Everybody knows about the emotional instability of the teenage years. Some teenagers' emotional responses can even resemble the tantrums of the toddler years. Is there an explanation for the moodiness of teens? Yes, there actually is a lot of new research about brain development and why teenagers tend to be higher risk-takers, make poor impulse decisions and have stronger emotional responses.
Dr. Frances Jensen, chair of the University of Pennsylvania neurology department, recently released a book about the development of the adolescent brain entitled, The Teenage Brain: A Neuroscientist's Survival Guide to Raising Adolescents and Young Adults. She explains that a popular myth for a teen's moodiness is the increase of hormones as they navigate through puberty, and although they do have increased hormones, there is more explanation in the maturity of the brain.
A teenager's frontal cortex is not fully developed until their mid-20's and because of this there are a lot of "weaknesses" that become apparent during these years. This includes the inability to make appropriate split-second decisions, and high emotional responses due to the immaturity of the emotional centers of the brain (the amygdala and the limbic system). They have high emotional responses that "light up much faster much more intensely" than adults. So their responses to all emotions (the highs and the lows) are felt more intensely and then their ability to make appropriate decisions while in that heightened emotional state is impaired. (If you'd like to read the full article of the interview with Dr. Frances Jensen about her book, click here.)
Hopefully this information helps us have more patience when working with our children, plus here are 5 tips for helping a teen navigate through their emotions:
1. Spend time with your teen
Due to the increased desire for social acceptance, teenagers often prefer to spend time with their friends over family. However, this shouldn't deter parents from planning alone time with their child.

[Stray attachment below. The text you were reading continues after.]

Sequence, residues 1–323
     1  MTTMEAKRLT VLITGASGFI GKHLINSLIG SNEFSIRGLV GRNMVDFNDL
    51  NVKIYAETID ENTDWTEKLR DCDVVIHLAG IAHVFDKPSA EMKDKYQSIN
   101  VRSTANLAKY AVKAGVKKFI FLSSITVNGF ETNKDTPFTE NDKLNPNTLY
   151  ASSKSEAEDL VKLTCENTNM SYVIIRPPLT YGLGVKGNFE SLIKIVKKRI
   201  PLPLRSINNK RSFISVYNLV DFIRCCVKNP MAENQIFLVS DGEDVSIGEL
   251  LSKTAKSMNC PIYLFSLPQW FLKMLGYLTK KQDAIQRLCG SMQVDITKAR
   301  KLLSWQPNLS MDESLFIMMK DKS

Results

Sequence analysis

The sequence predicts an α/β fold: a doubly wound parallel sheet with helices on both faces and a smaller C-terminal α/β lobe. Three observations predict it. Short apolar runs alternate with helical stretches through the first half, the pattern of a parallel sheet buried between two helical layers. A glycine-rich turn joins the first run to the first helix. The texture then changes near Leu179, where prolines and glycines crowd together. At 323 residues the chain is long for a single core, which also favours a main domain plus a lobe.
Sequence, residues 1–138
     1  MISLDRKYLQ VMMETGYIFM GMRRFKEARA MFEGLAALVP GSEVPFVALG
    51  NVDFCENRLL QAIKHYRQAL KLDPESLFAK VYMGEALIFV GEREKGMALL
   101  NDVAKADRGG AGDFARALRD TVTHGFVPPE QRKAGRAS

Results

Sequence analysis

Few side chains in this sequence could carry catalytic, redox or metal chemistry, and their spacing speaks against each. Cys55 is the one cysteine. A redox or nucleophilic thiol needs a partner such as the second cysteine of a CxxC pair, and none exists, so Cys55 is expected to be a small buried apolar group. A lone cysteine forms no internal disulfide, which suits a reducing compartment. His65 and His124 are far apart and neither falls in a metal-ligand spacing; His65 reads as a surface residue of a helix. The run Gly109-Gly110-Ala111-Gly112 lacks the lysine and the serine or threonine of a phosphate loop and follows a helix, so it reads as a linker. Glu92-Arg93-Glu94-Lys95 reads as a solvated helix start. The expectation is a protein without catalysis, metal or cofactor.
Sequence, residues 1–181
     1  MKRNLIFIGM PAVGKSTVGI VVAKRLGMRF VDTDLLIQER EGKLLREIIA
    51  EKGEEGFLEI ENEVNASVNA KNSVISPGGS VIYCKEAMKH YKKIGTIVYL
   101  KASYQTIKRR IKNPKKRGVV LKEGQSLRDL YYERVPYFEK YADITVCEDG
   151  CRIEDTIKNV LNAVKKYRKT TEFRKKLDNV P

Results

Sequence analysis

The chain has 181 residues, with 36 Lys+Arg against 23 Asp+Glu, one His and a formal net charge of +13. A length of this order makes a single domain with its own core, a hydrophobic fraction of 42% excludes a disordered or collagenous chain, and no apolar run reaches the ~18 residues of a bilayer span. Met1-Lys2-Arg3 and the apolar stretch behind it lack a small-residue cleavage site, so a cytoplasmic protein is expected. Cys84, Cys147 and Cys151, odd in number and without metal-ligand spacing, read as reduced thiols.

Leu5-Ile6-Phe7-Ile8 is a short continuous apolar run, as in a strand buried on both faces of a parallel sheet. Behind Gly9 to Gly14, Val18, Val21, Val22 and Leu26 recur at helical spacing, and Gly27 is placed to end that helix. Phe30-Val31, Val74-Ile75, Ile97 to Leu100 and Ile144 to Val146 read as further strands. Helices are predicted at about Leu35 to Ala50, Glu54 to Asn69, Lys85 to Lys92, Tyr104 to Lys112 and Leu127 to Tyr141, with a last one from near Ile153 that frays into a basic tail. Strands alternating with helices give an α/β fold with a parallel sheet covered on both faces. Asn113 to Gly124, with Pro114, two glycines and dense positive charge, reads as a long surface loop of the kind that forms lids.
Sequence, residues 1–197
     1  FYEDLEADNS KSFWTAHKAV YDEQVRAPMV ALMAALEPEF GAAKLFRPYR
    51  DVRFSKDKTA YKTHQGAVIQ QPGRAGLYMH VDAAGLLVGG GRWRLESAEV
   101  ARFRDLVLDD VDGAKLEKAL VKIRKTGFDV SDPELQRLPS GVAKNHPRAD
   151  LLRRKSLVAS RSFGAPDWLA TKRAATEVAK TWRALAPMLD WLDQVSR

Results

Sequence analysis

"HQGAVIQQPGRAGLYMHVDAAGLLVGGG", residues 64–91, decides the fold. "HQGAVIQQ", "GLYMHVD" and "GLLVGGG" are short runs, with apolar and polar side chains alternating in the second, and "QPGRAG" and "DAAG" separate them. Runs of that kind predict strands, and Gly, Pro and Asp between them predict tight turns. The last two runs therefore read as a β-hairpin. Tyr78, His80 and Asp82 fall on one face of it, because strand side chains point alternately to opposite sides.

When I worked as an in-home social worker, I had to spend adequate time building rapport with teenagers before teaching them behavioral skills. This often required more effort than with small children. I found that removing them from their home environment and participating in an activity they enjoyed (which ranged from going on a hike to playing video games to participating in a sport) provided more ease in talking with them, than just sitting in their living room asking them questions. Be creative and plan ahead to spend time with your teen.
2. Take time to listen
As parents we often want to give the perfect advice to help our children pick themselves up and move on with greater clarity in life, but more often than not, they just want someone to listen to them.
Outside of planning one-on-one activities, be present in their day-to-day activities too. Teenagers are often busy with school, work and extracurricular activities and most of their free time is spent with friends, so take advantage of those small moments in between activities to genuinely see how they are doing. Try to be home when they get home from school, take them on car rides to run errands, make family mealtime a priority for all family members to be present, or check in with them when they come home late from friend's houses.
Do whatever works best for your family and child, but when you do see them, spend more time listening to what they have to say than talking. If your child knows you will be checking in with them frequently, and that you are willing to listen to what they say, they will take advantage of those small opportunities to confide in you or seek help if needed.